This week our elementary school kicked off our first CommUNITY Week, a week focusing on interpersonal decision-making and kindness. I’ll be sharing what our staff and I have been sharing with the students in this blog so that parents and staff can be on the same page at school and at home. In each of our morning assemblies this week, elementary students have been shouting out the Three Bs. These have also been featured in coloring sheets and on new reflective signs in the washrooms.
Be Respectful. One of my favorite passages in scripture is Romans chapter 12, and midway through this chapter Paul writes, “Outdo one another in showing honor.” What a challenge! At the root of this challenge is the idea of respect. In my experience, the concept of respect is a wonderful way to frame “classroom management,” as it’s called in the educational world. When a student interrupts another student, instead of saying “Don’t interrupt!” it’s much better to ask, “Do you think your classmate feels respected when you interrupt with your own ideas? Would you?” Through this framework, students are seeing how their behavior affects others; they are not just seeing a list of rules.
My first classroom teaching experience was in St. Louis Public Schools, a district known for having student behavioral problems and school violence. It was a tough first go at teaching. My first class of kids felt impossible to manage. But on the second day of school, under the advice of a wonderful mentor teacher, I had my classes create a Compact of Respect, writing out how we wanted (a) students to respect each other, (b) students to respect the teacher, and (c) the teacher to respect the students in our classroom. The transformation wasn’t magical, but it was close! After framing behavior this way, suddenly behavior was about relationships, not rules. Following instructions wasn’t about obeying me, the teacher; it was about getting stuff done together so we could learn something. My class prep wasn’t about doing my job; it was about preparing something interesting for my students because I respected them.
Be Responsible. Jesus once said that “one who is faithful in a very little is also faithful in much.” We have each been given so much, and our students are also incredibly blessed. They have caring parents and teachers, attend an excellent school, and have food on the table. But my hope for our students is that these blessings lead to faithfulness and gratefulness and responsibility rather than selfishness or abuse of privilege. This week our staff are working to help frame decision making through responsibility as well as respect. At lunch today, I had a chat with the first graders about being responsible for a mess on the table, and at soccer practice after school I had a talk with a few second graders about being responsible as team members, putting their soccer balls away as asked so that the team did not have to wait. It’s easy to let irresponsibility go unnoticed or unaddressed, but consistently helping kids see it as a form gratefulness will have great long-term benefits if we keep at it.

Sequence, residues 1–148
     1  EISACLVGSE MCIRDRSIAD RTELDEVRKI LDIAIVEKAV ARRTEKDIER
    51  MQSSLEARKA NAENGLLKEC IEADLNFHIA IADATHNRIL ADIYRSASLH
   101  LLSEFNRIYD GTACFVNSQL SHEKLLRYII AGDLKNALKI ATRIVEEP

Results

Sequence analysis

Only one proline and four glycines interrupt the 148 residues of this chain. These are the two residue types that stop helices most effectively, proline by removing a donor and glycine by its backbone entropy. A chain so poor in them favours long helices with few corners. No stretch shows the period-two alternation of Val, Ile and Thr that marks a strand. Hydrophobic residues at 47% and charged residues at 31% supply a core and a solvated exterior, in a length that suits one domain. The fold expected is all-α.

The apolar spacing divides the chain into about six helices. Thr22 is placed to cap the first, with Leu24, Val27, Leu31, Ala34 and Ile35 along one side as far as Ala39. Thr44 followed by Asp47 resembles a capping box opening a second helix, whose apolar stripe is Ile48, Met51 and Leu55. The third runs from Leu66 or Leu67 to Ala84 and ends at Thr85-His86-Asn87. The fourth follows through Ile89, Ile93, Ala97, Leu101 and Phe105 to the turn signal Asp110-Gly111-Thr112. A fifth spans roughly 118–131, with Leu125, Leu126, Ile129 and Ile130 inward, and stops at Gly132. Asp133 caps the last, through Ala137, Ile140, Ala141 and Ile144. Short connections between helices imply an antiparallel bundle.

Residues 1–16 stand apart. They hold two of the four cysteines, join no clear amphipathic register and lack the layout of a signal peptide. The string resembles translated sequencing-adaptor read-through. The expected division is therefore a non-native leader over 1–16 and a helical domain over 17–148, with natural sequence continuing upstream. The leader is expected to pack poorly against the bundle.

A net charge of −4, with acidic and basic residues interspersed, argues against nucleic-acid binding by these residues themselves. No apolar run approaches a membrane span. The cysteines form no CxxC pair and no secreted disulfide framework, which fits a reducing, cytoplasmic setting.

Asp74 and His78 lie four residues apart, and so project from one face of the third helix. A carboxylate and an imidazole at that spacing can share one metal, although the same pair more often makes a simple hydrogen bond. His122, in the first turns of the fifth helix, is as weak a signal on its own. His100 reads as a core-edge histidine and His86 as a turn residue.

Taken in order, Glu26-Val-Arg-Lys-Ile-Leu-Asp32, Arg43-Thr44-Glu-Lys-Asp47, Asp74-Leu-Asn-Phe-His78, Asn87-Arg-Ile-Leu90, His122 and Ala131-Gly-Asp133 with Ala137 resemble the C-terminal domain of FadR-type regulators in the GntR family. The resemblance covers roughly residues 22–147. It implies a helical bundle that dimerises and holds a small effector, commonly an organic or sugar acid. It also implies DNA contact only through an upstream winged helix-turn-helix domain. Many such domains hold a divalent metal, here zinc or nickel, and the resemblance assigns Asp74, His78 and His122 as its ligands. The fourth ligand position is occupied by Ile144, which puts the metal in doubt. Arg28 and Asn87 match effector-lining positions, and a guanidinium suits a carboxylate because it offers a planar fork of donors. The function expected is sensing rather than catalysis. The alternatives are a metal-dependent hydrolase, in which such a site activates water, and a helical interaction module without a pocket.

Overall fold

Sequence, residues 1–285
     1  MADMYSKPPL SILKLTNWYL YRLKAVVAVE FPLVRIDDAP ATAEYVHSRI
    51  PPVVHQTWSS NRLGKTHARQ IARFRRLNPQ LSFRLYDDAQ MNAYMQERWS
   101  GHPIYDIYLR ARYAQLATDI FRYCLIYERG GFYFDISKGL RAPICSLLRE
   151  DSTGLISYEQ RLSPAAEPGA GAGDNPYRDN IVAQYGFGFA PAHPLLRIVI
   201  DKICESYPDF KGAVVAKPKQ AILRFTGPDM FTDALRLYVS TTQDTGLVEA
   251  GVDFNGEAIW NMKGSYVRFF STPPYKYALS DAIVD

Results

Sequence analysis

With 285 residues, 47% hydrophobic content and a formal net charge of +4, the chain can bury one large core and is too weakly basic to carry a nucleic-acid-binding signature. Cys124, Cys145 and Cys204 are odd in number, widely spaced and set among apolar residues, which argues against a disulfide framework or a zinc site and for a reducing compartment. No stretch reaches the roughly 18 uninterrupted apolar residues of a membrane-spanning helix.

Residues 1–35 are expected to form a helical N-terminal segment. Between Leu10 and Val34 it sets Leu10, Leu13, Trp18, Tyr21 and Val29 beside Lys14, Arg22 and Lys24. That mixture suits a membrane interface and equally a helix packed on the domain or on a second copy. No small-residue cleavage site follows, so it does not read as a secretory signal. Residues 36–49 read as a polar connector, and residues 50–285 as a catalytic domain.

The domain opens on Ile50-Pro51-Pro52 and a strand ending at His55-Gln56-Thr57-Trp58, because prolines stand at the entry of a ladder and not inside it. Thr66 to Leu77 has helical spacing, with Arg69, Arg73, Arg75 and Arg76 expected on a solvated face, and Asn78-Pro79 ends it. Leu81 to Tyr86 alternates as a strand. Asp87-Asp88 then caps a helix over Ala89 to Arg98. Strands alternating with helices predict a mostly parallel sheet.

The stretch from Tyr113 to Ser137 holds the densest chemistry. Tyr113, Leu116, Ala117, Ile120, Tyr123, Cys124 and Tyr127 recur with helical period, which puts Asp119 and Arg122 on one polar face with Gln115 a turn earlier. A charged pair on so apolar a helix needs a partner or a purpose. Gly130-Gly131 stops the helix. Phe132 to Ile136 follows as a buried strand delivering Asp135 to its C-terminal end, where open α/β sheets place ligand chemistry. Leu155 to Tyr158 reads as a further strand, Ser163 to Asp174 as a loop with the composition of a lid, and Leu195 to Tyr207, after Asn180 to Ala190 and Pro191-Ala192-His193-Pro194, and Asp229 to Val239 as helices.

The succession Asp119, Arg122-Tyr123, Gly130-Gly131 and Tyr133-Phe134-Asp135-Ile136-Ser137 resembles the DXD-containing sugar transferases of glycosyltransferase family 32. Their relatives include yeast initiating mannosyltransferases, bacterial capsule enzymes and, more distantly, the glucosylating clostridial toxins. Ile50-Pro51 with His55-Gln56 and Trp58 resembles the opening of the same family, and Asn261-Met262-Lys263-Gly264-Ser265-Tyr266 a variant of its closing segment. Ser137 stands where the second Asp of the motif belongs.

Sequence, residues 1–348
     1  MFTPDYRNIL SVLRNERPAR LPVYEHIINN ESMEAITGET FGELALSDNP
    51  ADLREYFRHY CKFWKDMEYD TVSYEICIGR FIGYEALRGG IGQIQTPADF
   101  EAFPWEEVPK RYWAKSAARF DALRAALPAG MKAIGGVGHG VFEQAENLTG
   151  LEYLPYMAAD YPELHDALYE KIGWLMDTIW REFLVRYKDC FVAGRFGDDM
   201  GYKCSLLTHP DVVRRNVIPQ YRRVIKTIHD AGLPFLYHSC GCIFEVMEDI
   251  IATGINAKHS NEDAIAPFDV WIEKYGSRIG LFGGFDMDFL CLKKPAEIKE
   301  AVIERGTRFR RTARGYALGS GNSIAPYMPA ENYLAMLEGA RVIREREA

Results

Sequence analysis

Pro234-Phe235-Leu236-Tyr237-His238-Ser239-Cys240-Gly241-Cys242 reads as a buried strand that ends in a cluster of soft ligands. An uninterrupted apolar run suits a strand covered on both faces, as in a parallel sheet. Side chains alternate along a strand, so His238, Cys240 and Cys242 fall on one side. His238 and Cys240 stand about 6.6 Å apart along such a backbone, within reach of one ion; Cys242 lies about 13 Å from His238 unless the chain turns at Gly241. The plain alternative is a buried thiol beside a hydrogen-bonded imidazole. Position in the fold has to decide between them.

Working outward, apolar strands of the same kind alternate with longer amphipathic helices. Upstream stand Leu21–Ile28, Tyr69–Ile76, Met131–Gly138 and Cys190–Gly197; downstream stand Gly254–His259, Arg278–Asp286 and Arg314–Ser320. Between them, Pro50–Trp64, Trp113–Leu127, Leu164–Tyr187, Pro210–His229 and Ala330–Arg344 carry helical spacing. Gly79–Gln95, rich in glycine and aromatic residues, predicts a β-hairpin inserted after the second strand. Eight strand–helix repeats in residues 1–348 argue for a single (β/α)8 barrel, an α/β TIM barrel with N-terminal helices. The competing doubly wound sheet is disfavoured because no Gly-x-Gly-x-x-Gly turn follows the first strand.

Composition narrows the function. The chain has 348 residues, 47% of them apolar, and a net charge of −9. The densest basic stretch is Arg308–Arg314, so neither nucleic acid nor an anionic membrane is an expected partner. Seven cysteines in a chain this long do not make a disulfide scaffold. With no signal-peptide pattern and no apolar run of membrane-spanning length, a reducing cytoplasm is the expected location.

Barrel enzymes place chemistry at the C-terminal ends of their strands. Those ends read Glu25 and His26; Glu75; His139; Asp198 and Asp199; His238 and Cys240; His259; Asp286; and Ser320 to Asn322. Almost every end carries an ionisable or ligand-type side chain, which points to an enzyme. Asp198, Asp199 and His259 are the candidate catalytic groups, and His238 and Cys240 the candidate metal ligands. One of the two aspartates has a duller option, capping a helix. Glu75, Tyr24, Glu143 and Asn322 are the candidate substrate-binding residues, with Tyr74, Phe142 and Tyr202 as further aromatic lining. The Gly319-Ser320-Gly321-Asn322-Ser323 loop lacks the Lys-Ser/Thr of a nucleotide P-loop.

Be Safe. This final B is very important in light of the tendency of many elementary students to respond to frustration with physical violence. It’s very common for a third grader, for example, to give a classmate a shove if he takes something from him on the playground. It’s also common for kids to make irrational decisions like kicking a ball into a crowd or jumping off the monkey bars when another kid is below. Discussing these kinds of behaviors in light of safety again makes the conversation one about protection and about helping others rather than about rules. We shouldn’t take that jump off the monkey bars not only because it’s a rule but because it’s a decision that will physically hurt others and also yourself! Being safe also fits with Morrison’s goal of adherence to the Child Safety & Protection Network guidelines.
“Be Respectful! Be Responsible! Be Safe!” isn’t just a catchphrase. Our hope at MAK is to consistently use it as a framework for crucial conversations about decision-making. I encourage parents to use the same framework at home. If your daughter is talking about how stupid another child is in her class, ask: “Is that being respectful? Would you like to be talked about in that way?” If your son is sneaking off to his room to watch youtube videos instead of completing his Chinese homework, or if you daughter is leaving the table without cleaning up her dishes, it might be time to have a talk in the context of personal responsibility. If your children are resorting to violence to ‘solve’ a conflict, it may be best to talk about it in the context of safety.
If the language we use is consistent both at school and at home, I think we will see some breakthroughs in how our kids think about their behavior. Be respectful. Be responsible. Be safe.